A Kollam man struggles to find employment and regain his standing within the family and community. K. Purushothaman Nair has been a jobless graduate for eight years, a husband for about seven and a father for six. His wife Devi’s teaching position and father-in-law’s pension keep the kitchen fires going. The couple, their daughter, Devi’s father and her sickly brother stay together in a house Devi inherited from her mother.
This is the setting in which Adoor Gopalakrishnan places Pinneyum (Once Again), his first film in eight years. Like most of the legendary writer-director’s works, this one too is distinguished by its apparent stillness that belies the turmoil within. Everything about it is minimalist—from the dialogues to the lovely background score that effectively partners the sounds of nature. As always, the film’s deceptive calm blankets a multitude of complex, crucial issues.
There is much then in Pinneyum to remind us why Gopalakrishnan’s first feature became a milestone that changed the course of Malayalam cinema. Unfortunately, that pathbreaking 1972 film—Swayamvaram starring Sharada and Madhu—and its mature, credible handling of a couple in far worse financial and social circumstances, is also why the confused characterisation and gender politics in Pinneyum ends up being particularly disappointing.
In a way, Pinneyum comes across as two films. The first one is before the interval, bearing the director’s masterful signature: quietly observant, deeply saddening, exemplifying the strain that money-related stress can place on even the most loving relationship, and illustrative of how patriarchy weighs down not just women, but also men who reap the benefits of their social privilege not realising that it could be accompanied by back-breaking burdens for the less well-off among them. The second is post-interval when Pinneyum shifts its tone, wandering off into a more mysterious realm reportedly inspired by a real-life crime.
Both might have come together as a cohesive whole if it had not been for the unconvincing characterisation. Purushothaman is portrayed as desperate but not greedy, devious or over-smart in the opening half of Pinneyum. Once life looks up, he appears relieved, especially since his relationship with his beloved Devi seems to have repaired itself. Their bond had weakened through his years of unemployment, but they seem to have made their peace with each other.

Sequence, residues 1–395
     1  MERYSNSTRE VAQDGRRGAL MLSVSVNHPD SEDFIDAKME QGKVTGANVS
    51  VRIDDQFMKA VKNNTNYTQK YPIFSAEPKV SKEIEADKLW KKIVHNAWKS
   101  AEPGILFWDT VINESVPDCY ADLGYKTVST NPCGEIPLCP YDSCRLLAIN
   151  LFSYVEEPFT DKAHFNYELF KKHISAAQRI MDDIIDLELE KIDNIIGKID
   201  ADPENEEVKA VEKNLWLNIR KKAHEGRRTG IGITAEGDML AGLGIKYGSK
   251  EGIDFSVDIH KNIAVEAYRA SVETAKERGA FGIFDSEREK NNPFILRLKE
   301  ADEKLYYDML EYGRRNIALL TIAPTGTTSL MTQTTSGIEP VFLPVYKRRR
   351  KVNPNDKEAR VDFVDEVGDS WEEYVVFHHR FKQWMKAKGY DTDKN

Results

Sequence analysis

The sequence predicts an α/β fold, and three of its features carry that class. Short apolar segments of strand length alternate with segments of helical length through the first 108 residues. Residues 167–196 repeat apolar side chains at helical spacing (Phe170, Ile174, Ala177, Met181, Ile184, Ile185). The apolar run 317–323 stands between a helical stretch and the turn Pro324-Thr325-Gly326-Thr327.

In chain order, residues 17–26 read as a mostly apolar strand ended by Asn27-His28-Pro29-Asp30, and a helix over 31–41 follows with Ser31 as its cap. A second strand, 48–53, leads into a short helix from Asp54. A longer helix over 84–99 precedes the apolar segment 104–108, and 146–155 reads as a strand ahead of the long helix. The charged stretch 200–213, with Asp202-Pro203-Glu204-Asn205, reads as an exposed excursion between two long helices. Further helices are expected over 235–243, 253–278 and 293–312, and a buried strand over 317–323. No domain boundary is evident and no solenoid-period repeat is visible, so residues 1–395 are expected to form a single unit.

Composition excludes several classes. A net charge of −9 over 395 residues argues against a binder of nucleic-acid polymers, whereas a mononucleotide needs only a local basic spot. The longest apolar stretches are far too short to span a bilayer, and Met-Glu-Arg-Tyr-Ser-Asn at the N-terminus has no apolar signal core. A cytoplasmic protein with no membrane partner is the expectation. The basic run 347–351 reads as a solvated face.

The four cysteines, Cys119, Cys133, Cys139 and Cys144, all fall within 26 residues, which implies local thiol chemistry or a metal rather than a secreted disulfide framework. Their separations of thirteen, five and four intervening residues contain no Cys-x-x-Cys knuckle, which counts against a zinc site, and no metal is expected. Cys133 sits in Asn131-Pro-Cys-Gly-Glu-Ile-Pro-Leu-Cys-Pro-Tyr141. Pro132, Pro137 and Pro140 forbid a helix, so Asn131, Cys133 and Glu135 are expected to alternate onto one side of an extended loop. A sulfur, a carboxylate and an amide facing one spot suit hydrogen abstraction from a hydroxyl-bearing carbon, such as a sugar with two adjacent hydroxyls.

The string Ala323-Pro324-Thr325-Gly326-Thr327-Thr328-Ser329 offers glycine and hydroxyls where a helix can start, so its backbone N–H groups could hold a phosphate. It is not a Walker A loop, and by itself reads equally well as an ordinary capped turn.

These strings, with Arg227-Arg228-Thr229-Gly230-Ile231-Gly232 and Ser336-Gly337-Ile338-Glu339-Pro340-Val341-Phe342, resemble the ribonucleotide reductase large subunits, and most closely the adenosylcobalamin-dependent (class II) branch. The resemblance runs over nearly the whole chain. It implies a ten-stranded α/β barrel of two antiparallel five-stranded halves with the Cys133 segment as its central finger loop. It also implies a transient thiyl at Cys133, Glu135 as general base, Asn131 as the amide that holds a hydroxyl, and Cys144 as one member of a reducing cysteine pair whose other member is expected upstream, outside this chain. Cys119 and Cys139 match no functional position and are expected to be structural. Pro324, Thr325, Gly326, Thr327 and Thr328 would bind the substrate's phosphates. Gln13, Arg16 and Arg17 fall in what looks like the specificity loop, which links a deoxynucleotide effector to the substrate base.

It is hard to believe that at this point, the Purushothaman we met initially would have thought of such a drastic step to further secure their future unless something pushed him over the edge or he was haunted by memories of his earlier misery—neither case is made evident to us. What was the tipping point then? The natural progression of thoughts and events in the first half takes leave of the film here. One day he and Devi are chatting about how people’s attitudes have changed ever since their lives improved, shortly afterwards he is sharing a dramatic plan with her. Why?
This is not to say other men and women have never acted in this fashion in similar situations when life is trotting along comfortably, but that this particular man did not come across as being that kind of person. In retrospect, Purushothaman’s literary interests mentioned early in the film can be seen as a hint of what is to come. That hint, as it happens, is very contrived.
Similarly, Devi’s father Pappu Pillai and uncle’s decision to cooperate with Purushothaman is inexplicable. He seems not to have needed to persuade them much. Devi’s dad was always fond of his son-in-law and never unkind to him, but he also comes across as a level-headed, good man. Why then did he go along with such a foolhardy and needless plan? And having gone along with it, how come he and the others were so stupid in their execution, so cruel and so untouched by their conscience?